Dark Reading is part of the Informa Tech Division of Informa PLC

This site is operated by a business or businesses owned by Informa PLC and all copyright resides with them.Informa PLC's registered office is 5 Howick Place, London SW1P 1WG. Registered in England and Wales. Number 8860726.

Application Security

3/25/2020
02:00 PM
Shahar Sperling
Shahar Sperling
Commentary
Connect Directly
LinkedIn
RSS
E-Mail vvv
50%
50%

Do DevOps Teams Need a Company Attorney on Speed Dial?

In today's regulatory and legislative environment, companies and individuals are exposed to lawsuits over security breaches, resulting in significant fines and ending careers.

To err is human, and developers writing code err as often as any other humans. The industry average for programmers, in fact, is as many as 70 errors per 1,000 lines of code. Testing looks for errors and tries to catch as many as possible before a product goes to market.

Before releasing their applications, companies will test functionality, as errors in functionality could result in customer dissatisfaction and be embarrassing for the company. This could have a negative effect on sales and the organization's market position.

However, testing needs to be done on security issues as well. While releasing a functionally poor application could be embarrassing and bad for sales, releasing a vulnerable application can have far greater consequences. In today's regulatory and legislative environment, companies, as well as individuals, are exposed to lawsuits over security breaches, resulting not only in significant fines but the end of careers.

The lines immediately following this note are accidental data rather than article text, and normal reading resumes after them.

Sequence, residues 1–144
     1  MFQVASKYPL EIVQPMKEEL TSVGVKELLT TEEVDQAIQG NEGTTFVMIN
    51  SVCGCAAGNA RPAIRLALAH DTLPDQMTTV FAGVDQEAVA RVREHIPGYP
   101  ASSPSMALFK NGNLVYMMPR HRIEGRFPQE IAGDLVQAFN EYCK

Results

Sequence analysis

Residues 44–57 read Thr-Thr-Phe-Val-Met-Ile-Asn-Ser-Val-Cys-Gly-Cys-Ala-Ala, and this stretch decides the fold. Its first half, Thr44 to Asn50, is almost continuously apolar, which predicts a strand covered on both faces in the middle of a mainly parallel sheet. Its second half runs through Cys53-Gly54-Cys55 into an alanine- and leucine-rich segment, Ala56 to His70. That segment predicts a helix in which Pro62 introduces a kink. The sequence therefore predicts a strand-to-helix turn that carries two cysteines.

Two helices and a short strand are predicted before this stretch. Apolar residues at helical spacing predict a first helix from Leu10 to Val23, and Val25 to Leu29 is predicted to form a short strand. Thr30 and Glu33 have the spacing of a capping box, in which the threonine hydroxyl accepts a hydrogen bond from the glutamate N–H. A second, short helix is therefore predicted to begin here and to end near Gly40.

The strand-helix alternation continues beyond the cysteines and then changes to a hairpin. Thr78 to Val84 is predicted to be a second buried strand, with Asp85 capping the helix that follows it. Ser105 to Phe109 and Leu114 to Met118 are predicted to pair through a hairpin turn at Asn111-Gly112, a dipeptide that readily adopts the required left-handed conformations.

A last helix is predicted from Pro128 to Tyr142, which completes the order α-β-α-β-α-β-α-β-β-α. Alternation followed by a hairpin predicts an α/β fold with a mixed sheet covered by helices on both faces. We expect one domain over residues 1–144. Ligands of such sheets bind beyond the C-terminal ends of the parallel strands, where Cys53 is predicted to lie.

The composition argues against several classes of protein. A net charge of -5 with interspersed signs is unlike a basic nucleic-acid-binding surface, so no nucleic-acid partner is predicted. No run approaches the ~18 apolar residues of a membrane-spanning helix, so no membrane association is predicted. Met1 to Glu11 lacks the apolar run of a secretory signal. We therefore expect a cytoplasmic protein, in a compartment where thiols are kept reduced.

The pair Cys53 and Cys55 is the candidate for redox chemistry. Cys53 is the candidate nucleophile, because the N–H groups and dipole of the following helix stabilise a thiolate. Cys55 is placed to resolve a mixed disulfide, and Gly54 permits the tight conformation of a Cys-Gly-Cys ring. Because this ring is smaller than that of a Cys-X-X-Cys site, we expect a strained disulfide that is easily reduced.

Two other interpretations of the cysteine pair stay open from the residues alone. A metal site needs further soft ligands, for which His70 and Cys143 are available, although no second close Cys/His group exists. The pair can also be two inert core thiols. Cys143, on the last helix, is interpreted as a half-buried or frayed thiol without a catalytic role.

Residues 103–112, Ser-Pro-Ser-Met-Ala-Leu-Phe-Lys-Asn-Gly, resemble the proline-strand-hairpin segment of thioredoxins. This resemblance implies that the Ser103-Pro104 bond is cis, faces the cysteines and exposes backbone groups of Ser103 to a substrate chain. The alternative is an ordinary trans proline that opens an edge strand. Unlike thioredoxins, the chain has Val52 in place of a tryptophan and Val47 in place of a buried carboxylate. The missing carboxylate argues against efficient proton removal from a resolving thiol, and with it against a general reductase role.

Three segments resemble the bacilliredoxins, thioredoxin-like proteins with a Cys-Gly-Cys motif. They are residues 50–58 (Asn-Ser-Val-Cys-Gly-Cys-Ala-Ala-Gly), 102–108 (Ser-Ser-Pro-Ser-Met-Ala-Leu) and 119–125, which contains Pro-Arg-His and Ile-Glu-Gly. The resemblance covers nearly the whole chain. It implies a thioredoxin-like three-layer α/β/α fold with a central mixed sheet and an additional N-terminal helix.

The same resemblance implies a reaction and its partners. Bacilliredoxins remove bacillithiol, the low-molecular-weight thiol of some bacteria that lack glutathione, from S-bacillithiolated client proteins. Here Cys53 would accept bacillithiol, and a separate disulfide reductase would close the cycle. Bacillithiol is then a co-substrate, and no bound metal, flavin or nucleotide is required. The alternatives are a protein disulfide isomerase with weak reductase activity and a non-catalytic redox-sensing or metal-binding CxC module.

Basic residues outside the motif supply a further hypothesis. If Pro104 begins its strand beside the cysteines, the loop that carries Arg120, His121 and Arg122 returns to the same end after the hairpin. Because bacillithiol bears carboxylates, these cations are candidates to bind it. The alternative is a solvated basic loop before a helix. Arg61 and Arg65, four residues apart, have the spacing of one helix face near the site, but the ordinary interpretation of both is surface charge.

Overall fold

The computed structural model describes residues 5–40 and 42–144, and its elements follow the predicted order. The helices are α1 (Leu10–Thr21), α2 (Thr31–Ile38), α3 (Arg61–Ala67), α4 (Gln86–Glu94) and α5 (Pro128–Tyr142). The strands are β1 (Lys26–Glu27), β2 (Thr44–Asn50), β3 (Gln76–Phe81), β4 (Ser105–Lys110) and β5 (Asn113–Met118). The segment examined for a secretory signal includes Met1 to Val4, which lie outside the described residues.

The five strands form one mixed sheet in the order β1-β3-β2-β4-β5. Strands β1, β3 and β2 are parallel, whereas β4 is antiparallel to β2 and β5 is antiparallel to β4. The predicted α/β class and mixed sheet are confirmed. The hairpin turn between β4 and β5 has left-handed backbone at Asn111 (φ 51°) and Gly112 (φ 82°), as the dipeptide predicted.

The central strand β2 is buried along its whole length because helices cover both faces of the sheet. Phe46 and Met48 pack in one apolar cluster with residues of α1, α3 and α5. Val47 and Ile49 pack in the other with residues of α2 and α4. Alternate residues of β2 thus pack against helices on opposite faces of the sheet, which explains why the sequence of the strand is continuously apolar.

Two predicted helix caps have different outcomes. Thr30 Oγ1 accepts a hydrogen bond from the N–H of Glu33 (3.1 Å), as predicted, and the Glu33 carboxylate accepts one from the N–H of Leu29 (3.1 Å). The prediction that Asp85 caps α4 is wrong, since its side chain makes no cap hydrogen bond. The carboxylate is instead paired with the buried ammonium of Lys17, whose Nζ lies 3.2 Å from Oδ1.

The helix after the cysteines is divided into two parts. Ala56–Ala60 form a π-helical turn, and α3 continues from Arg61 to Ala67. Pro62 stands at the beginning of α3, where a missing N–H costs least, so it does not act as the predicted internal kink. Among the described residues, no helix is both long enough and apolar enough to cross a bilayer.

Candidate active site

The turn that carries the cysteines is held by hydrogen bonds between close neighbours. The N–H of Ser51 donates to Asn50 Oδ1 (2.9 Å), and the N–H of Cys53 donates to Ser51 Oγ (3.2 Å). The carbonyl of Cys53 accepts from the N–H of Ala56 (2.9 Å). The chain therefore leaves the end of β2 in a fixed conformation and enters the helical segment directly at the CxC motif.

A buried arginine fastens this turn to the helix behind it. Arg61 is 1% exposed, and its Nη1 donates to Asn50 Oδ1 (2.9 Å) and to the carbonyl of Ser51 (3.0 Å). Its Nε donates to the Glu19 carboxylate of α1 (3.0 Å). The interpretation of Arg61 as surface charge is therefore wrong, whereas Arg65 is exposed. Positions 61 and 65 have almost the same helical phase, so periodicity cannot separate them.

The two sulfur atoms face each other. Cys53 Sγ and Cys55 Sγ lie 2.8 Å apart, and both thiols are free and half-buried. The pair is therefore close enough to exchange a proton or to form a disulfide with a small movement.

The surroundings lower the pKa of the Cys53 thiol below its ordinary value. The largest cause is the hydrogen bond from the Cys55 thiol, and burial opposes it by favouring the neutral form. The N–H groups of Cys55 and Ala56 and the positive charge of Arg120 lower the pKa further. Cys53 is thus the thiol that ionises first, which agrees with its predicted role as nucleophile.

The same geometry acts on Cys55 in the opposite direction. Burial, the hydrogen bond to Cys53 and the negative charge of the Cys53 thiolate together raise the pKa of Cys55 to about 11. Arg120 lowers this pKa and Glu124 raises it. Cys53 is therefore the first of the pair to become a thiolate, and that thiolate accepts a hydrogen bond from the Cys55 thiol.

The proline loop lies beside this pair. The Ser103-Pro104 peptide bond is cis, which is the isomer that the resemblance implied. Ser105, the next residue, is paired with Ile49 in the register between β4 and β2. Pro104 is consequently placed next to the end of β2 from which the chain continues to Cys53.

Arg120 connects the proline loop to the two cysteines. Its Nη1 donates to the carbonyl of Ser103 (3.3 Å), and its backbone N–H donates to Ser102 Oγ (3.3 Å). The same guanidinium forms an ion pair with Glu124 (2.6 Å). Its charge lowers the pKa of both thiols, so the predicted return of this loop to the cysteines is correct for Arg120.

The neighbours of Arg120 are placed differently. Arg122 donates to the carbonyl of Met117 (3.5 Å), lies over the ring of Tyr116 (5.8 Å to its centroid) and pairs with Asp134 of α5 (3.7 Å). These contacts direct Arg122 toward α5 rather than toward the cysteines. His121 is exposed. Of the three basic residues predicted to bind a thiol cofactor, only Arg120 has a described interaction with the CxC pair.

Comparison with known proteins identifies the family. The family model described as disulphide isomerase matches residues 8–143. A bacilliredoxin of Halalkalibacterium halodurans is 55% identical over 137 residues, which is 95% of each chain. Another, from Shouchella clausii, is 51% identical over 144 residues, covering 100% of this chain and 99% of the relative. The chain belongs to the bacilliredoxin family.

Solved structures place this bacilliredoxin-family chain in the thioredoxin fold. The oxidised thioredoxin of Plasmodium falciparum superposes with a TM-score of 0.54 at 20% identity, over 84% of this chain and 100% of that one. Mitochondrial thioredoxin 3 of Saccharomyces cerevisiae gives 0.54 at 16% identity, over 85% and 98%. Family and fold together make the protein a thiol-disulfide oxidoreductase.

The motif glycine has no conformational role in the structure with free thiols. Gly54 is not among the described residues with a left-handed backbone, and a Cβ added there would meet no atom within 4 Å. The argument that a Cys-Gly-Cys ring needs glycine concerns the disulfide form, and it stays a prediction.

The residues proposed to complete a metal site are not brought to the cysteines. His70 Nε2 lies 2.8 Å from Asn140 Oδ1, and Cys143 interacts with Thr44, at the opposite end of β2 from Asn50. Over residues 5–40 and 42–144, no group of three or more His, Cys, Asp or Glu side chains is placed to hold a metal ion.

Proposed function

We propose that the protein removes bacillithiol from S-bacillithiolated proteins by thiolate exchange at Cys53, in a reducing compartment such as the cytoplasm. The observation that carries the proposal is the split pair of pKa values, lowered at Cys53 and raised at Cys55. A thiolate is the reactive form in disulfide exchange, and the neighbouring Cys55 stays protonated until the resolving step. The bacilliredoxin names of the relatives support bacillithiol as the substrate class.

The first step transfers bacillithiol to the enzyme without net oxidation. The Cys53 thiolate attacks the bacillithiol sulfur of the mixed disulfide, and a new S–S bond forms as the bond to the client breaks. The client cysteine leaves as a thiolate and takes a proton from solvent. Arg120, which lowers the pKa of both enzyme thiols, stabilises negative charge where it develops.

It seems that almost every data breach becomes fodder for legal action. In one of the biggest cases in recent years, international hotel chain Marriott faces numerous class-action lawsuits (some are still pendingover a data breach in which information from some 500 million guest records ended up in the hands of hackers. Investigators determined that the 2018 leak was likely due to a remote access Trojan ending up on the server that held the records, which allowed hackers to take control of admin accounts.

The trouble began when Marriott acquired hotel chain Starwood and continued using its reservation system. Between the chaos of trying to get a handle on the Starwood data and the continued use of an old, malware-laden system — and the elimination of the jobs of many of the Starwood IT staff — Marriott was charged with negligence in securing its data, leading to the wave of lawsuits. It's estimated that the breach, including settlements, legal fees, etc., has cost the company around $30 million in direct costs, in addition to a fine of £99 million imposed by the European Union under GDPR statutes. And that doesn't include the potential lost revenue due to customers shying away from a chain where customer data has been compromised by hackers multiple times.